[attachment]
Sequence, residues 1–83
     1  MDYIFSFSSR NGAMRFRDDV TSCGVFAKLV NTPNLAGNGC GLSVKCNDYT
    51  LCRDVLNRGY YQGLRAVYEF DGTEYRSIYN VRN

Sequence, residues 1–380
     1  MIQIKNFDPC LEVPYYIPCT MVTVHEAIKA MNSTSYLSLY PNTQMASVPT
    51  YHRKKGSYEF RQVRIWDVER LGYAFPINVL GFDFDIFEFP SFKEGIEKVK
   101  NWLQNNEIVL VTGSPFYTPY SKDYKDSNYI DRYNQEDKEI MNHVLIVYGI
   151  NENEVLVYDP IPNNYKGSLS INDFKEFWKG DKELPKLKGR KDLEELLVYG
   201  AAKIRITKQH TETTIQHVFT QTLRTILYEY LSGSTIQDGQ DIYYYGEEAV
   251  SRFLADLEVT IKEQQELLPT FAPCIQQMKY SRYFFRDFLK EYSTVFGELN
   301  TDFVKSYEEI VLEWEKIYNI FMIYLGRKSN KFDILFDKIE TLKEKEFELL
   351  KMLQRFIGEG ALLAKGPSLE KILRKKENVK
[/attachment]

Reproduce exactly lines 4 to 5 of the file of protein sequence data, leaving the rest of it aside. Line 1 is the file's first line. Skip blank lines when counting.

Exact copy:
Sequence, residues 1–380
     1  MIQIKNFDPC LEVPYYIPCT MVTVHEAIKA MNSTSYLSLY PNTQMASVPT